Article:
Rebalance Your ETF Portfolio - dummies

By Russell Wild

There are circumstances where it makes sense to trade ETFs rather than buy and hold. For example, you need to rebalance your portfolio, typically on an annual basis, to keep risk in check

Few investors walked away from 2008 smelling like a rose. But those who were slammed, truly slammed, were those who had more on the stock side of their portfolios than they should have. It happens, and it happens especially after bull markets, such as we saw in the several years prior to 2008.

Let’s take the case of Samantha. In 2003, when she was 50 years old, she sat down and looked at her financial situation and goals. She determined that she warranted a 60/40 (60 percent stock/40 percent bond) portfolio and duly crafted a darned good one.

But then she got lazy. She held that portfolio without touching it through the stock market boom years of 2003 through 2007. As a result, her portfolio morphed from a 60/40 mix to a 70/30 mix by the start of 2008.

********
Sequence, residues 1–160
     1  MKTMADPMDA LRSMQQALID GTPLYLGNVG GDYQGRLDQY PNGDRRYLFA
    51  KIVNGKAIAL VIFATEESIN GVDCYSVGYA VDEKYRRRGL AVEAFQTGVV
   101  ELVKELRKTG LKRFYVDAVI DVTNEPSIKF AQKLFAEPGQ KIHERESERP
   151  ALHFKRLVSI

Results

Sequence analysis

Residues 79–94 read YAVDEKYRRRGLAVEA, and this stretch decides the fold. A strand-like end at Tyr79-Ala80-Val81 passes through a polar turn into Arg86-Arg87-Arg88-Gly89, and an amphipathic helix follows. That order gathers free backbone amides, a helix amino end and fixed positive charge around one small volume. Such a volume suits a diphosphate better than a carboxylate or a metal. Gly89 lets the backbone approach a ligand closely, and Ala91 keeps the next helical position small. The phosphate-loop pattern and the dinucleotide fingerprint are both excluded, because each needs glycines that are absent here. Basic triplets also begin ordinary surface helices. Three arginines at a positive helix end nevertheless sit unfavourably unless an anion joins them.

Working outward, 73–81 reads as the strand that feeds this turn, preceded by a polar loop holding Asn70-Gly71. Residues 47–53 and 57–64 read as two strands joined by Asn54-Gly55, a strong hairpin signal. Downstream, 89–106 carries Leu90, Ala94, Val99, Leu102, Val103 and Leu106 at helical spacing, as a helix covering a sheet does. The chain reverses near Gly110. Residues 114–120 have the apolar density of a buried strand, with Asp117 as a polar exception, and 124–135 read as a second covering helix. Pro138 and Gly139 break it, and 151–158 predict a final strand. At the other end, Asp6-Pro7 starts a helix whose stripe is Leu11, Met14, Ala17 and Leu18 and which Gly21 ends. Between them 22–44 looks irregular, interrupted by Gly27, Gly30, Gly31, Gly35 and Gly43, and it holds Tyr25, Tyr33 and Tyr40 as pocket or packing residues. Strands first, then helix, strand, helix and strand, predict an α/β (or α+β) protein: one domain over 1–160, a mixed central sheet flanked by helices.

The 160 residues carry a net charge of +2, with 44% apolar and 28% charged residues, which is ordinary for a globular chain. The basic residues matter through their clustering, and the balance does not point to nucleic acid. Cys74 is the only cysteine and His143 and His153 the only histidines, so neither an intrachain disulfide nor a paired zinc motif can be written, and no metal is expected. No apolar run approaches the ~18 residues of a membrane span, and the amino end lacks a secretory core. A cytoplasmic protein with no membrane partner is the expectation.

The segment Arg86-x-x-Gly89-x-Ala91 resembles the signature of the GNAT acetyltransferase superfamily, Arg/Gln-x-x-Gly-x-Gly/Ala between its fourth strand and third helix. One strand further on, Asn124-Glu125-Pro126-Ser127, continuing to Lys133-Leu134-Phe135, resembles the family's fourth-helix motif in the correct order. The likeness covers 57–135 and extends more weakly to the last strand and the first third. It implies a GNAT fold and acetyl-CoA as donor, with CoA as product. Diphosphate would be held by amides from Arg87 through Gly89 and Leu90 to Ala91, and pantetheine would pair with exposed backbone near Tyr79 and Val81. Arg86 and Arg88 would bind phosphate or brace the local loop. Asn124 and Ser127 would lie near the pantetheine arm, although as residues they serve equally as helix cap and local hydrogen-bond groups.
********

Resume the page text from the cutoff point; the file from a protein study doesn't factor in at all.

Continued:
Uh oh.

In other words, just when the market tanked, just when she could have really used the ballast that bonds provide, her lopsided portfolio, due to neglect, was primed for disaster.

The stock market fell by about 37 percent, and her 70 percent stock portfolio fell by about a quarter. That’s a big fall. And to add insult to injury, just when stocks hit rock bottom, she had no “dry powder” (cash) with which to reload her stock portfolio.

It is in large part to prevent such big falls, and lack of “dry powder,” that you need to rebalance. That is, on a regular basis, you need to do exactly the opposite of what most investors do: You need to sell off some of your winners and buy up the losers.

By doing so, not only do you cap your risk, but studies show that you will juice your returns. By systematically buying low and selling high, you may, over the long run, increase your average annual returns by as much as 1.5 percent. That’s not a bad return at all for an exercise that shouldn’t take you more than a couple hours!